Impact of non-native invertebrates and pathogens on market forest tree resources.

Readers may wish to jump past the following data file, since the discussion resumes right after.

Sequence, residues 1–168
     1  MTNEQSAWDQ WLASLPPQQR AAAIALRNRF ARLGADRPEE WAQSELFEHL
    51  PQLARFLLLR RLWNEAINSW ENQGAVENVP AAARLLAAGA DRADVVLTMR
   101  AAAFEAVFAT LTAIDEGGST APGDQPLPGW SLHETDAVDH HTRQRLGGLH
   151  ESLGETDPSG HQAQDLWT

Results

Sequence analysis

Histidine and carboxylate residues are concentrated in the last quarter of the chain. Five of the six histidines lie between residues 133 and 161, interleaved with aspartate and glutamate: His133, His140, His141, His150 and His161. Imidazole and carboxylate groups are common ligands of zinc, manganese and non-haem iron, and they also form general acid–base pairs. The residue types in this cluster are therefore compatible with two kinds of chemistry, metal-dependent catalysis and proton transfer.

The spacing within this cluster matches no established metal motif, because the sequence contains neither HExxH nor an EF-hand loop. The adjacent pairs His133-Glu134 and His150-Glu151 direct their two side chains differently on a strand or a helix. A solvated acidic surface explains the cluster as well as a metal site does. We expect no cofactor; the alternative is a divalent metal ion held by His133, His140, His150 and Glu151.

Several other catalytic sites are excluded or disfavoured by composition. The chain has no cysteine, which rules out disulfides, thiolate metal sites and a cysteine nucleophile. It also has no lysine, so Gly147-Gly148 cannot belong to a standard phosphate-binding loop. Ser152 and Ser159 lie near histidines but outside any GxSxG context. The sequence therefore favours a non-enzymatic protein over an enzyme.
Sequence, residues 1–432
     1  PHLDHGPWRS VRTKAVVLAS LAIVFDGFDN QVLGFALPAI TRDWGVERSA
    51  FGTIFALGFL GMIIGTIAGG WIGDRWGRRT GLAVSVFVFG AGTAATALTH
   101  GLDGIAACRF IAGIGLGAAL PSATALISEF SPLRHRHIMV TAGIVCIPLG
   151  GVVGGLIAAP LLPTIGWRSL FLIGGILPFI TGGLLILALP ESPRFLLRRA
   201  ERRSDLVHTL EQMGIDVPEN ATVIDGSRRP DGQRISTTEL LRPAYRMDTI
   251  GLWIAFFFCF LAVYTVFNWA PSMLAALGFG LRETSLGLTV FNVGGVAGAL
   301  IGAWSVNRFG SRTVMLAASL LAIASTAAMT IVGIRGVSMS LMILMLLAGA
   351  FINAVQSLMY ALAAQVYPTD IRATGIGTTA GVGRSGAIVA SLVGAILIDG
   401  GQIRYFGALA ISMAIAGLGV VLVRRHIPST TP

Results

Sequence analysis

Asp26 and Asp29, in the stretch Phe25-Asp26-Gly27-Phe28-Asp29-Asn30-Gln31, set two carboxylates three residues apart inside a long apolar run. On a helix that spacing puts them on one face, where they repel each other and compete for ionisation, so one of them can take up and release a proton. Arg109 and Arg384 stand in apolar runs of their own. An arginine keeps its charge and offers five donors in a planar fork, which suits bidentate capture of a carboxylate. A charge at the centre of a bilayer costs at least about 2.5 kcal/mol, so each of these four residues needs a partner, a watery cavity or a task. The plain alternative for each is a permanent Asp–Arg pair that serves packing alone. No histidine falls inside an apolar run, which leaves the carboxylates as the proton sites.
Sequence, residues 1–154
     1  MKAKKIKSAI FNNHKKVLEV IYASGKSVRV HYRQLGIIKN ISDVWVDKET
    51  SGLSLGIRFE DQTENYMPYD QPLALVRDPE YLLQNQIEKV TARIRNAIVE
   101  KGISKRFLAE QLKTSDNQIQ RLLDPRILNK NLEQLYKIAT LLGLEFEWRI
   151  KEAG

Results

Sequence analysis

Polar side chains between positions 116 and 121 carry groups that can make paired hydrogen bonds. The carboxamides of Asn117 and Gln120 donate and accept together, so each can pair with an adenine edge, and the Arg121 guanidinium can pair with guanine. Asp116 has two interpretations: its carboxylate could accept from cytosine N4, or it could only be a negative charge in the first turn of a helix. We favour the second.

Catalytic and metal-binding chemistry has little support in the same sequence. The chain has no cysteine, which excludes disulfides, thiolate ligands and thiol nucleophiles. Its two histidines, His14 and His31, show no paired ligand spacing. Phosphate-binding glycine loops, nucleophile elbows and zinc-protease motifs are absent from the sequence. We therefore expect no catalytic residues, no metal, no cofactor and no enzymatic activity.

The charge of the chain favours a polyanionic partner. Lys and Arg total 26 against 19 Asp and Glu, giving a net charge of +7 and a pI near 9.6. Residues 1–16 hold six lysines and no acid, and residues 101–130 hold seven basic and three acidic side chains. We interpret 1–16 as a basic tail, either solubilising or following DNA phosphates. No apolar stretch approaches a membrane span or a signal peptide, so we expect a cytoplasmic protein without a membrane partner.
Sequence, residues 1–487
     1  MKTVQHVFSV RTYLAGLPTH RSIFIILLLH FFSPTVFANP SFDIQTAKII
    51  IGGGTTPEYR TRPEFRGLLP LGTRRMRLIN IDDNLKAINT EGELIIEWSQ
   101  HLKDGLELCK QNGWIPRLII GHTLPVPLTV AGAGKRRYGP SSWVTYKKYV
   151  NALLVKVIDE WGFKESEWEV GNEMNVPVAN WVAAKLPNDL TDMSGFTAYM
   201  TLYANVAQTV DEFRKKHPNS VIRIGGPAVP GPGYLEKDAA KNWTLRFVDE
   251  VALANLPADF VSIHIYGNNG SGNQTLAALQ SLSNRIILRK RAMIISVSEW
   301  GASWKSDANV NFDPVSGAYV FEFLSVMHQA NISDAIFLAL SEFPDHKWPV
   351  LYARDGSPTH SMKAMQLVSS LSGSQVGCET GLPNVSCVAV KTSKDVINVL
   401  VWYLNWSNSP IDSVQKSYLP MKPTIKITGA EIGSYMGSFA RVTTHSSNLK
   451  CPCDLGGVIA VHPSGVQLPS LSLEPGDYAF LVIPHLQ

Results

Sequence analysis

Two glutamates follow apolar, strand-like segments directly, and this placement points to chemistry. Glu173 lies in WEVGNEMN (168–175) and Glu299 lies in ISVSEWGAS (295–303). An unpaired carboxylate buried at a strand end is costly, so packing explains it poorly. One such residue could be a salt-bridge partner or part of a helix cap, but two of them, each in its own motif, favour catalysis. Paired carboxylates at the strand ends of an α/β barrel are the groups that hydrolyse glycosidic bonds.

Several forest non-native pests and pathogens that are among the most frequently cited invasive species worldwide represent serious economic and conservation concerns for the forest ecosystems in their region of introduction. Such organisms can have adverse impacts on the yield of marketable wood products, such as timber and pulp, as well as non-wood forest products, such as nuts, fruits, and seeds. However, quantitative data about impacts on forest market resources are rare and usually restricted in time and space. Moreover, information on regional impacts, and aggregate data including multiple invasive species, are largely missing or miscalculated. The most comprehensive studies show that the greatest impacts of pest invasions on native tree species are effects on non-market values whereas losses in wood and non-wood forest products account for a small part of the total impacts. Patterns are somewhat different in plantations of non-native trees, where non-native pests are more likely to affect the forestry sector directly through reduced fibre yield and increased management costs, whereas non-market values and environmental impacts are of lesser concern. This chapter argues that direct impacts on market forest resources are sometimes largely exaggerated and provides reasons for these overestimations.